John Dalton was born in Cumberland, England on September 6 in the year 1276. He was the son of Quakers. Dalton also had siblings. His father owned a small land and a house. His father worked as a smallholder and a weaver. John’s mother was extremely intelligent. Both his parents were of Christian faith, but the Church of England saw them as being skeptics. As a result, besides being poor, John Dalton was only able to attend dissenting schools.
As a child, John Dalton was intelligent and had a healthy interest of the world around him. At age 11, Dalton attended a village school. At the age of 15, Dalton helped his brother run a Quaker boarding school. The school was located in a town by the name Kendal. This town was about 40 miles from where he lived. He became familiar in the subjects of math and science. He also learned Greek, French, and Latin. An amateur scientist and mathematician by the name of John Gough, who was blind as well, helped Dalton by training him in mathematics. He also awakened John Dalton’s interest in experimental science. Dalton became principal at the Quaker boarding school by the age of 19. He held this title until the age of 26. In 1793, he became a math and philosophy tutor in Manchester at the New College. There he joined the Literary and Philosophical society. He served as secretary and president of this institution.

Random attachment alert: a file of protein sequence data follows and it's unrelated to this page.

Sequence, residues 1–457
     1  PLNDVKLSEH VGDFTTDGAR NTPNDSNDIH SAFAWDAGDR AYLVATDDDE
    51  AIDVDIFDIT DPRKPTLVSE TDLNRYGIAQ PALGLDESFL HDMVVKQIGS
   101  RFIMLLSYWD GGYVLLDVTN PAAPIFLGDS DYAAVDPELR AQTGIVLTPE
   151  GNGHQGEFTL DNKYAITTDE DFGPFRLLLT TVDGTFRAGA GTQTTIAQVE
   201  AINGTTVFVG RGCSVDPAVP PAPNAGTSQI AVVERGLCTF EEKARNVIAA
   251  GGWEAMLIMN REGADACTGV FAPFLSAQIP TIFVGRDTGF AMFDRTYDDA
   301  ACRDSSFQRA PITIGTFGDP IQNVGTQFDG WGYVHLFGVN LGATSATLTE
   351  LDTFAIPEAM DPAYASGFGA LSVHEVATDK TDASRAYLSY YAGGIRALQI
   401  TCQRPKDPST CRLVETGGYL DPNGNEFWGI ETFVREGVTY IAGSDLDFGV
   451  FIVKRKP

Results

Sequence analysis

John Dalton never expressed his personal views on religion. He also was careful not to speak on his political and social views. John Dalton diagnosed himself as being colored blind. His brother was also color blind. John never married and he never had any children. Dalton embodied the humble life of a Quaker. He dedicated himself to teaching, religious observance and to doing research. John Dalton lived the life of scholastic bachelor.